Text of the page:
Only a man can be a father. Many people will argue that men and women are basically the same, and can and should do the same things. Essentially they think that members of the sexes can be treated as interchangeable cogs in the ever-spinning wheel of civilization.
But only a man can father—only a man can be a father.
The ideal father protects his children from bad while providing for them what is good, while they grow up. Growing up is the process of learning to distinguish good things from bad things and right choices from wrong choices. Fathers are supposed to teach their children how to do this. Fathers are supposed to help their children develop their ability to master themselves, to tell themselves “no” when they need to.
Good fathers constantly say no. This is how they guide us, guard us, and grow us up. “No” is a good word. Because bad things exist in the world, fathers must say “no” all the time. Our Father in Heaven told us “Thou Shalt Not” about several things. (Consequently, far from resenting the Commandments and the Church’s moral prohibitions, we should love and thank the Good Lord all the more for having told us not to do certain dangerous things!)
But children don’t like to be told no. However, that is often the only way that they can restrain themselves from doing something that they ought not do. It is essential to have a solid background of “no” in order to be prepared for adult life in a law-abiding society. It is imperative for being able to live a faithful Christian life. Fathers who do not teach and train their children to master their desires and whims are tragically derelict in their duty. Sometimes the tragedy is publicly apparent, as can be seen time after time in the news.
You knew this was coming: yes, I am going to argue that it is fatherhood that has been lost above all else in the Catholic faith in the last fifty-plus years. Whether we’re looking at the heartbreaking reality of Catholic men not being spiritual fathers to their children (by not attending Mass with them and not modeling a faithful Christian life), or witnessing the tragedy of our priests and bishops not being directive teachers of the truths (dogmas and doctrines) of the Faith, it is plain to see that strong, manly fatherhood has all but vanished from Catholic life.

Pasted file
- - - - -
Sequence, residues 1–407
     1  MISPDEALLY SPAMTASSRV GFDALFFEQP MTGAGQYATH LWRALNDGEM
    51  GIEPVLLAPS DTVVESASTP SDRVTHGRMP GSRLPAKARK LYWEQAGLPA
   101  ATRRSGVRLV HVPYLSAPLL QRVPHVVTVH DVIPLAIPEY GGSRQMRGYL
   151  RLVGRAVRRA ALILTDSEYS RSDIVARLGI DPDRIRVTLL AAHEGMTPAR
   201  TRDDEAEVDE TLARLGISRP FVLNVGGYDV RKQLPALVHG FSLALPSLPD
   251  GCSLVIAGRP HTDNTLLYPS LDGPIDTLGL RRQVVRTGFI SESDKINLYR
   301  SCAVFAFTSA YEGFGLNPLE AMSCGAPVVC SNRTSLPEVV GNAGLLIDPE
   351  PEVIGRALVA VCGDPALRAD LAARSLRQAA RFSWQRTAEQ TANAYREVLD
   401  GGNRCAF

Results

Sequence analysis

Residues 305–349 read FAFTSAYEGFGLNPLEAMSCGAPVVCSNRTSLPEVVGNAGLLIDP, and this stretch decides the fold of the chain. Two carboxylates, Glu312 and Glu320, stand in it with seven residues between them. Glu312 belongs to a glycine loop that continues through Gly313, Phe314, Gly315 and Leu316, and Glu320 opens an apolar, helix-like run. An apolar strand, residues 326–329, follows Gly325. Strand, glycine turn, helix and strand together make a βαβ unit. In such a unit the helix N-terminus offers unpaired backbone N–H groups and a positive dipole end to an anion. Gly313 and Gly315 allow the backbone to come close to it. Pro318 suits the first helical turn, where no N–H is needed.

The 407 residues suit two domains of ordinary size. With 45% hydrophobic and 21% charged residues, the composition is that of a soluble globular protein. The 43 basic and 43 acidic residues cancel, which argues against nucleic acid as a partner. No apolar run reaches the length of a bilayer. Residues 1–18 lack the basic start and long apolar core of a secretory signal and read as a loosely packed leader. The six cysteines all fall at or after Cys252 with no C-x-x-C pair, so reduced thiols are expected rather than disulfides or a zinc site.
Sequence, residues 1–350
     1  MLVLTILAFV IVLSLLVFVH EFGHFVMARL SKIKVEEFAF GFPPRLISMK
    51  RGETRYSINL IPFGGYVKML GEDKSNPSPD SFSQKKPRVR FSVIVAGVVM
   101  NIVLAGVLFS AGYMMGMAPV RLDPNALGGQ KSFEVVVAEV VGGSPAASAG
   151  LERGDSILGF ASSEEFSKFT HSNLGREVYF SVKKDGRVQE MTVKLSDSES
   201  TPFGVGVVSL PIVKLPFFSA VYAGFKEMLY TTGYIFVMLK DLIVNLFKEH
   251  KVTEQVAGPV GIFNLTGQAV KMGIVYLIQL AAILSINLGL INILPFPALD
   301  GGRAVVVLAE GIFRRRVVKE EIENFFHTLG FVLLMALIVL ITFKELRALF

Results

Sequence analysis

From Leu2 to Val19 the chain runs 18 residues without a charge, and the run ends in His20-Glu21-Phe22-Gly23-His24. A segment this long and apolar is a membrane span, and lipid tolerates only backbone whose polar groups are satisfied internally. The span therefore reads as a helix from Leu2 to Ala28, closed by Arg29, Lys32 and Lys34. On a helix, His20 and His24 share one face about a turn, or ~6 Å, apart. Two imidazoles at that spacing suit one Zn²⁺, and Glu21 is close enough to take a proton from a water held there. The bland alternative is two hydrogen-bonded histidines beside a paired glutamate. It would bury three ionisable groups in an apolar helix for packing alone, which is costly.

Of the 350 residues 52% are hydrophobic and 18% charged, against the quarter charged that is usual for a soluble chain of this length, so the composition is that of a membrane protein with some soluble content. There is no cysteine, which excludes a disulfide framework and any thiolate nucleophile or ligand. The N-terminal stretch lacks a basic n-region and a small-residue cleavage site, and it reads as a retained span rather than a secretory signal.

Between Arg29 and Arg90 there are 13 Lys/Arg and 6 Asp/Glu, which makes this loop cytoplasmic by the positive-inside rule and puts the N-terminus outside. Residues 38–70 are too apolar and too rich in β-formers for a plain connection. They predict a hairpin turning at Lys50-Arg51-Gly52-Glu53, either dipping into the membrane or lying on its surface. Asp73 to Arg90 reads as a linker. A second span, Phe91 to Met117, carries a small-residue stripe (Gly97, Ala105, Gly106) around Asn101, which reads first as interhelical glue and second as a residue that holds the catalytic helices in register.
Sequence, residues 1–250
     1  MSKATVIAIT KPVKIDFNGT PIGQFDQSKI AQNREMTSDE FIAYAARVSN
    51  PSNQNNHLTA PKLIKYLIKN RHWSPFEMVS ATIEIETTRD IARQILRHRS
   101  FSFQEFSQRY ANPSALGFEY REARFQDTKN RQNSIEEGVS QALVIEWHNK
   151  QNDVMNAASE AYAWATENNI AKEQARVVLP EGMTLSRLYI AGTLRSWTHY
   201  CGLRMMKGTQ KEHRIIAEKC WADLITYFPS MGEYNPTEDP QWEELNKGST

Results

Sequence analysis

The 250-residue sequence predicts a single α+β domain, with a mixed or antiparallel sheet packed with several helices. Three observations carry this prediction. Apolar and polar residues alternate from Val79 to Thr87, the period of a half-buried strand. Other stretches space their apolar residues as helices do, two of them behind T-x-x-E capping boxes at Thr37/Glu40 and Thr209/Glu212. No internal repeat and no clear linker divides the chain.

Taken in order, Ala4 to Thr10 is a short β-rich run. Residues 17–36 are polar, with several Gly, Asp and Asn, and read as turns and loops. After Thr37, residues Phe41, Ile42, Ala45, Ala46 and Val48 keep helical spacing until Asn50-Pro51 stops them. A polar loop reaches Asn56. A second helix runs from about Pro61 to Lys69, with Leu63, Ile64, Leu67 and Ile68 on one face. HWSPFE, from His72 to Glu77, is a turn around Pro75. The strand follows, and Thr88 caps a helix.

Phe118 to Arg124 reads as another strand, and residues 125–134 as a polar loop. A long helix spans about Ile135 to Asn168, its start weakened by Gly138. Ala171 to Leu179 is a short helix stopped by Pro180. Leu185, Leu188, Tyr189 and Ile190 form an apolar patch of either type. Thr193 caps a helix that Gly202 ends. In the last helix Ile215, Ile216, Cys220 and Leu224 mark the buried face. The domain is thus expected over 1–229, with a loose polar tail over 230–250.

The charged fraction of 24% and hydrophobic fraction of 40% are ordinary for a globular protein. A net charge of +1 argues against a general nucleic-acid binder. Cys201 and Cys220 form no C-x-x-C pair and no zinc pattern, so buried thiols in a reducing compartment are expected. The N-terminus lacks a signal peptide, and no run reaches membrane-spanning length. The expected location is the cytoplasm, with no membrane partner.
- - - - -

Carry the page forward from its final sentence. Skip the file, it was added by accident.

Consequently, what we are seeing in our parishes nowadays is equivalent to toddlers running wild around the house, in complete disorder and chaos, because their absentee father allows them to make up their own rules and do things their own way. In no way are they competent to take care of themselves, much less step into a position of authority.
Fortunately and unfortunately, we are all like children to God. And, because of the authority He has given them, we are like children to our priests and bishops, too. A priest should be like a father—a father who says “no.” However, it is rare to see a priest who says “no” in his preaching and teaching to many deeds that the Church teaches is evil. Parishioners often don’t want to be told “no” to cherished sins and favorite false ideas. After all, it is human to want what we want, and to reject anything that tries to dissuade us.
True, and sad, I bring this up because I want each of my readers to understand how important a fatherly “no” is. May each of you value the fatherly shepherds who say the hard things that are not popular, easy, or cool. When you see a father bringing his children to Mass, cheer inwardly and resolve to pray for him and his family. Statistically, his children are likely to persevere in the Faith, and are probably going to be the face of Faithful Catholics of the next generation.
And to any of my male readers who are Catholic—remember that you are called to fatherhood in our Faith in some way, no matter your vocation or state in life. If you have children under your care, train them well. Use the word “no” to grow them strong and self-disciplined. Heaven knows they will need it in this fallen world! If you have no children, or they are all grown, you must use the fatherly “no” to take a stand against disordered politics, errors in your parish, and variously in relationships with family, friends, and coworkers. We must all reject evil—but the buck stops with you gentlemen. With God the Father as your model, stand up for all of us and be a man, be fatherly: say “no.”